There is a very silent theory here. It is the world being painted that demands a special kind of brush-stroke and a certain texture of canvas. These are not “sketches.” This is how this ‘world’ has to be presented if it has to be true.

If a prize will be given, it should be for Guchu’s ability to ‘hurry’ and create pathos at the same time. Usually narratives about the city as in Laguma’s rarely achieve immediate pathos but Wonder Guchu’s do. Though sneaky and measured, “Fading like a flower” is underlain by very poetic echoes:

"It’s the children. They ask too much. And every time they ask, I force a smile. But I tell them that it’s alright … They believe me. Later, I sneak into the bedroom because I do not want them to see my tears because then they will then know that I’m lying …"

In a very short space and with very few words, the writer manages to peg down the reader, causing almost the equal amount of depth and force which would take Dickens or Dostoevsky acres and acres of print.

The intensity of these short-short stories sometimes comes through the “photographic” style used. “Size 4,” for instance, reads like a film script - the sense of staccato, the deliberate ‘overvisualisation’ and the move towards the twist in the tale…

A shoe is thrown into a room-but you don’t see the man who throws it. You see a man’s feet walking – but you don’t see the full frame of the man. A man dies and the suburb watches the police collecting the carcass and the aura attacks the reader like a sharp adze.

But there is one aspect of a Wonder Guchu short story which I fail to define, however hard I try. It is the idea of “the dead body”. In many of these stories there is a dead body. The urban violence is almost a machine, churning out dead bodies at the rubbish dump, the river, the bridge and even right on the road between the rows of township houses.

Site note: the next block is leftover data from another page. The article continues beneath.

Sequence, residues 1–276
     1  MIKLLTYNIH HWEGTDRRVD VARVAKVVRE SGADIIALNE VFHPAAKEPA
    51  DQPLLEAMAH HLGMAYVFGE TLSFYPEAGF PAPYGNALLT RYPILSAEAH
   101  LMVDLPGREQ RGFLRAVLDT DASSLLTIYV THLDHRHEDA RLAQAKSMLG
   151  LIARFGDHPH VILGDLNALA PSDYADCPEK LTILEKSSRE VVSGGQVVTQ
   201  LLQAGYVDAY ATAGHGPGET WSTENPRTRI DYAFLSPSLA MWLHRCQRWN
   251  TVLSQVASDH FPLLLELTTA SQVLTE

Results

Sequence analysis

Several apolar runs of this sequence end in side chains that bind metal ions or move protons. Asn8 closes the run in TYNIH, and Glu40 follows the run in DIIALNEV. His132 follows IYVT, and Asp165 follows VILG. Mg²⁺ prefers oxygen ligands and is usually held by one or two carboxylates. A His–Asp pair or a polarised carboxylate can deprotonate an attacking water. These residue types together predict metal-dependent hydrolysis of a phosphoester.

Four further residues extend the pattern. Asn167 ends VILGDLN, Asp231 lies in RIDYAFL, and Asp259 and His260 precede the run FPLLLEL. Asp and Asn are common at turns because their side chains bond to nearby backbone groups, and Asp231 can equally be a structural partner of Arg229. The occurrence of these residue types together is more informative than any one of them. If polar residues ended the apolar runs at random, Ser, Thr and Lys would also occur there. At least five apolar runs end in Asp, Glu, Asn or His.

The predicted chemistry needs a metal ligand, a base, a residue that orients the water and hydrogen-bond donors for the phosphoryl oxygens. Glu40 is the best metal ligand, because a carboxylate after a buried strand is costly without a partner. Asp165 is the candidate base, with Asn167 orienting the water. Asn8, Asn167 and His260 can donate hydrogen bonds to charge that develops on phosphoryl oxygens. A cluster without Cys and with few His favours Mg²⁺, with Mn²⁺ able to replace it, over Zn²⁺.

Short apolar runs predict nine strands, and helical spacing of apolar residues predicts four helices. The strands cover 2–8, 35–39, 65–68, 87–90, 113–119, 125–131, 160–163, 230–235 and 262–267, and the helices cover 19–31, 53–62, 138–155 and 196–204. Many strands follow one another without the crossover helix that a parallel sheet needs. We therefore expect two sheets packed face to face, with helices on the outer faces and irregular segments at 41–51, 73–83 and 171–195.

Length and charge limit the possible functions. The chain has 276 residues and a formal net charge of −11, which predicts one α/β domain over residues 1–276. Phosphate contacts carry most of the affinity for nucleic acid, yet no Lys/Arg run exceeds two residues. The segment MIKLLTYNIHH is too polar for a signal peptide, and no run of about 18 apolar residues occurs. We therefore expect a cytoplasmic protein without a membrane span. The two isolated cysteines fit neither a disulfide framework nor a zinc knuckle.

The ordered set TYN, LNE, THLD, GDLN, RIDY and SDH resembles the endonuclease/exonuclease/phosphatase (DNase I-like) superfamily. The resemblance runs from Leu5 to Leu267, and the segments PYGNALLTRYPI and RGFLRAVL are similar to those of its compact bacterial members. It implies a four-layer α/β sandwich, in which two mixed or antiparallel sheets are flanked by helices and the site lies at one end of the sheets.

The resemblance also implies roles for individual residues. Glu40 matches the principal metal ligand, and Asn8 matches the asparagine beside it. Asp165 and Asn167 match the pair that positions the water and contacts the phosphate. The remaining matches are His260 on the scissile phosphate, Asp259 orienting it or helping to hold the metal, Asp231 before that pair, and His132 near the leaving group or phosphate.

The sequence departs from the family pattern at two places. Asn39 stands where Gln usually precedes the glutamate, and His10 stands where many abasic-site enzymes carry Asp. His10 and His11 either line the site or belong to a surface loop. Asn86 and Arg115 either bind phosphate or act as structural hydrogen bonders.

I am generally unnerved by dead bodies in a short story or film but each of Wonder Guchu’s dead bodies tends to be metaphorical. Each dead body is a kind of ‘harvest.’ Each dead body is as anonymous as the crowd of onlookers. Always its face is deformed or hidden from the view of the crowd. Looking for lunch, one meets a dead body in the park. These stories dwell on the fragility and the temporariness of the body. Dying is as easy as taking a cup of tea.

These stories tend to challenge a certain blind love for the city that young Africans often have. In these stories, Harare is a giant which man built. Now Harare escapes man’s grip, forcing man and fate to perform a curious art. One senses that there is a sick God on the loose. The pursuer and the pursued dash in a certain madness, doomed to catching or being caught. Even at midnight sleep is pretence and death is next door.

Wonder Guchu achieves a certain description of city people that does not render them visitors or passers-by. These people here trap and are trapped by the city. The brutalities do not make them less human. They still love, listen to music and laugh and one identifies with their fears and desires.

In ‘The dollar’ a man helps strangers look for a dollar coin which one of them has supposedly lost, yards and yards into the tall grasses, until he is mugged. In ‘The Township Fella’ a man turns into a witty beggar-conman and he laughs with pride as he does it.

And for some of us who are Guchu’s contemporaries, Sketches of High Density Life is the mouth of a creative river, stretching from here and branching towards a broad green valley whose grasses need to be watered constantly….